The human back is an amazing structure, designed to support our spines in a natural, upright position.  When we put undue stress upon its muscles, especially in the lower back area, pain eventually will manifest as a warning signal that our body is injured.  For example, when you sit, or more typically slouch, for countless hours in front of your work desk, day in and day out, bad physical outcomes will probably result, including lower back pain.  Additionally, a traumatic spinal injury in your past, such as a serious car accident, predisposes you to be more vulnerable to lower back pain, while placing you at a higher risk to suffer from its effects.

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How Poor Posture Can Aggravate Back Pain

If someone studying back pain were to covertly take some snapshots of most of us during an average day, they would reveal some alarming information about how we abuse our backs.  Those incriminating photos would show us slouched over our work stations, scrunched up in our vehicles, or hunched over peering at our smart device screens.  In other words, we are quietly and figuratively “killing” our spines slowly with poor posture, and in the sordid process both facilitating the onset, while intensifying the severity, of our resulting back pain flare-ups.

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6 Commonly Overlooked Remedies for Back Pain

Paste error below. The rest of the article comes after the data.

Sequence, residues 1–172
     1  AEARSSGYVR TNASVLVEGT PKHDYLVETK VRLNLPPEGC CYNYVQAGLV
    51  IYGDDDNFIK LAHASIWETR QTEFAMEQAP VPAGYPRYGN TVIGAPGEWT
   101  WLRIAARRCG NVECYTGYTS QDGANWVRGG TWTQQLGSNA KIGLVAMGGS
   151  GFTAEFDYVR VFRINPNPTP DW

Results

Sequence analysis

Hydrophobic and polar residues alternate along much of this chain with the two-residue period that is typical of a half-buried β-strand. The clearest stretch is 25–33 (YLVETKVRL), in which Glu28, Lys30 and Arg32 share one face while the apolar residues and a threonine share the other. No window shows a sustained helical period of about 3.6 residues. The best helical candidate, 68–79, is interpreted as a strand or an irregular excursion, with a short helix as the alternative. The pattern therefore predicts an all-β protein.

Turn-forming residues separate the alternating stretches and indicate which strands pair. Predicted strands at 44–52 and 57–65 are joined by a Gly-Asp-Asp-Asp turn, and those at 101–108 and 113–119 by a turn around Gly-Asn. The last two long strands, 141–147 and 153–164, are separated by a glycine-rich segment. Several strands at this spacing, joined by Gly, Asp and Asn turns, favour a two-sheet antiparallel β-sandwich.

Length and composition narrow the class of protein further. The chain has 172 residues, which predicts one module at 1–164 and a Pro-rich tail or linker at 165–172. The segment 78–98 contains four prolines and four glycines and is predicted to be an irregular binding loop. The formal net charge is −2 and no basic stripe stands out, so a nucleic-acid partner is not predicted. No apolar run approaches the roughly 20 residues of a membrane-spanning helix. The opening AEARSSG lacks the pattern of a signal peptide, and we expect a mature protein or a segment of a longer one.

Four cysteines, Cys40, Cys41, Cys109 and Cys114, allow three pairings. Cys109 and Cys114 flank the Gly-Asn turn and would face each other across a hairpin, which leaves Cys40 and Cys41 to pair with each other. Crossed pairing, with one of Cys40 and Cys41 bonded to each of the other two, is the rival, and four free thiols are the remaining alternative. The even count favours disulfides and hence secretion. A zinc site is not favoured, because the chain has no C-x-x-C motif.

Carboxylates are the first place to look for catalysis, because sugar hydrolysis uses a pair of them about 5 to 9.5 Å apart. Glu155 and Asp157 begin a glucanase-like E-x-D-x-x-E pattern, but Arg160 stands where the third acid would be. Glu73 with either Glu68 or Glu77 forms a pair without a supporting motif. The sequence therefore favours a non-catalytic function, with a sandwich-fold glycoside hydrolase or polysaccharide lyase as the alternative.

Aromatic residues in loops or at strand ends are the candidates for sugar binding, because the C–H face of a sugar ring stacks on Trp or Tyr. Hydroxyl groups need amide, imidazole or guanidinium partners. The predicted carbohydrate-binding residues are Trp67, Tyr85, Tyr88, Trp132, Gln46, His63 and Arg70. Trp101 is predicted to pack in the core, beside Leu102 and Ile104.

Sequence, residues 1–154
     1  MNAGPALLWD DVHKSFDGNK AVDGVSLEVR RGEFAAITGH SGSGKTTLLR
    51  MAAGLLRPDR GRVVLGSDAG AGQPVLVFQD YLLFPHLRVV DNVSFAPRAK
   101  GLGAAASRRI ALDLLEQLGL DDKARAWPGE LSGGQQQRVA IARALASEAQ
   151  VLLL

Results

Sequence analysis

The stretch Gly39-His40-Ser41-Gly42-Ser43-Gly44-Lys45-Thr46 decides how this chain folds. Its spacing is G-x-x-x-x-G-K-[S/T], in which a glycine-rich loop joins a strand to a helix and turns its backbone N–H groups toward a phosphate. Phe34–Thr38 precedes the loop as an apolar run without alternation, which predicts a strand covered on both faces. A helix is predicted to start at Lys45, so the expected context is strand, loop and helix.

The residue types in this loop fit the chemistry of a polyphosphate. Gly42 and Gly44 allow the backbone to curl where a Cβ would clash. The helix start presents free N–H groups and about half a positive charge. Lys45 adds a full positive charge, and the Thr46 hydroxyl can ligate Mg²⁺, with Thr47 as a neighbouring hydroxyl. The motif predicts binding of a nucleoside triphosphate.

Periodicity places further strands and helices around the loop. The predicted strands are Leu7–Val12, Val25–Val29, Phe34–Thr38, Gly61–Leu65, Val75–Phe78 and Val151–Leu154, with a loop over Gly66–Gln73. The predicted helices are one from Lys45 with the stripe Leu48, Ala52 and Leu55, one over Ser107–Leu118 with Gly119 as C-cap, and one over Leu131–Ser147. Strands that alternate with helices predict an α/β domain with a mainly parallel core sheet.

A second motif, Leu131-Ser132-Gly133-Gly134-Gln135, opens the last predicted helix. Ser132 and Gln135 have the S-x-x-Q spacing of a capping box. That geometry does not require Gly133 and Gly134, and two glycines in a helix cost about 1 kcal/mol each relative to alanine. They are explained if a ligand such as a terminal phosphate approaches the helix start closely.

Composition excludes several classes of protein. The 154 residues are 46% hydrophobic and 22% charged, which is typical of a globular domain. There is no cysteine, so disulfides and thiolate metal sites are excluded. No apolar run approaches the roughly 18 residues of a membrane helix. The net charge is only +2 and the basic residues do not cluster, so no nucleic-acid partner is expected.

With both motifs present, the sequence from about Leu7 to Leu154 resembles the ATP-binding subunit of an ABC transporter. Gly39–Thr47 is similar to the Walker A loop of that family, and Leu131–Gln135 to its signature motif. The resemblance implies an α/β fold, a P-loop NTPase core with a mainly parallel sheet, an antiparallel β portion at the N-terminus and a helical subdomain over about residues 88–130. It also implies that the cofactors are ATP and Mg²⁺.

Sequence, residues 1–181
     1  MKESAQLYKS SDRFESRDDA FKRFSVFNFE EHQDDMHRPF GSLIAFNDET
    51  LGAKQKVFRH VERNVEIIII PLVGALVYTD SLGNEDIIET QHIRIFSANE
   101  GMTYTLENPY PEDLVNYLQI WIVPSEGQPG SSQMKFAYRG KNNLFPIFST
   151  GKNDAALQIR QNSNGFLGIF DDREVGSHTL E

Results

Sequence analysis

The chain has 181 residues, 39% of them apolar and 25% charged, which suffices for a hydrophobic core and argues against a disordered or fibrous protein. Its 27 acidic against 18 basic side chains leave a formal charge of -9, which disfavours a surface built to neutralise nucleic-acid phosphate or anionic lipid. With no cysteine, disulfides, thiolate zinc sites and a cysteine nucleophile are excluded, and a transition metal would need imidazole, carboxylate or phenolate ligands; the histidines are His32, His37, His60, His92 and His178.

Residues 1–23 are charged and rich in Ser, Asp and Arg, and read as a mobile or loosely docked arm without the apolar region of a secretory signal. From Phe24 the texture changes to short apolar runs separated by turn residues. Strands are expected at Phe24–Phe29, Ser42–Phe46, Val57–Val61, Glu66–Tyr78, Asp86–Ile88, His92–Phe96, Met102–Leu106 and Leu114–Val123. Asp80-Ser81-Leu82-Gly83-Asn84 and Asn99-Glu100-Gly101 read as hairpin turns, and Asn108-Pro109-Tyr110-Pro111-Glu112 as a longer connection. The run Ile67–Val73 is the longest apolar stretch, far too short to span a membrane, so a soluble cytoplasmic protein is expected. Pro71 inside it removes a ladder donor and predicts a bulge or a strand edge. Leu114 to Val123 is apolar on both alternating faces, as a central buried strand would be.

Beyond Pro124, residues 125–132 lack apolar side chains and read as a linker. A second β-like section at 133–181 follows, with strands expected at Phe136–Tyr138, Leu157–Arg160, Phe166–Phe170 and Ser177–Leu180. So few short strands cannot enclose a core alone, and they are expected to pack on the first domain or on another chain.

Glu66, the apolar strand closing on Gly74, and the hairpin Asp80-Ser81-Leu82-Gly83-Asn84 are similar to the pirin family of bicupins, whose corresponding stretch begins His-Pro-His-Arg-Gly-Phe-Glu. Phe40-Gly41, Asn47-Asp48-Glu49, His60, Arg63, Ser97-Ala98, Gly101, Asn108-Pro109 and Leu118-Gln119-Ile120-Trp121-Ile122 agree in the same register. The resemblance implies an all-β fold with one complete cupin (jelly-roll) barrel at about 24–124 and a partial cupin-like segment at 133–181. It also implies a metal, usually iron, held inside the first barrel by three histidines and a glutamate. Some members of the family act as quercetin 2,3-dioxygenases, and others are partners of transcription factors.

You’ve been hunched over your crowded work desk for the past few hours, intently crunching numbers as you type up the latest quarterly report for your boss.  Your persistent back pain, resulting from a serious auto accident 10 years ago, has reemerged, and is reminding you of that fact via muscle aching and throbbing.  When you finally stand up to take a well-deserved break, the poor posture that your body has been locked in for half the day refuses to respond.

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A Beginner’s Guide to Sleeping with Lower Back Pain

Over the course of the past several days, the invigorating experience of a good night’s sleep has escaped your grasp, interrupted by the reemergence of your chronic lower back pain.  And no matter how you’ve tossed and turned, trying to get positioned comfortably upon your worn out mattress, the nagging pain and discomfort have kept you awake.  If lower back pain has been keeping you up at night, take heart, as you are not alone.

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4 Simple Everyday Tips for Back Pain Relief

There’s an old saying that the only things that we are guaranteed in life are “death and taxes”.  Well, in today’s world we can almost add “back pain” to that list, as over 80% of us will suffer from the discomfort and inconvenience of that affliction at some point during our lives.  In fact, back pain annually strikes over 30 million people in the United States, and often without warning.  Medically, there are two classifications of back pain.  The temporary variety is classified as acute, while persistent back pain problems are said to be chronic; the latter category being the focus of this article.

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Hack Your Fitness: Lumo Run Helps Improve Your Running Form And Push Harder

Article originally posted on Forbes.com. Read original here.


The funny thing about runners is that we all think we have fine form until we snap an IT band or strain a tendon. And even then, we blame it on “going too fast” or “pushing too hard” rather than on poor run mechanics.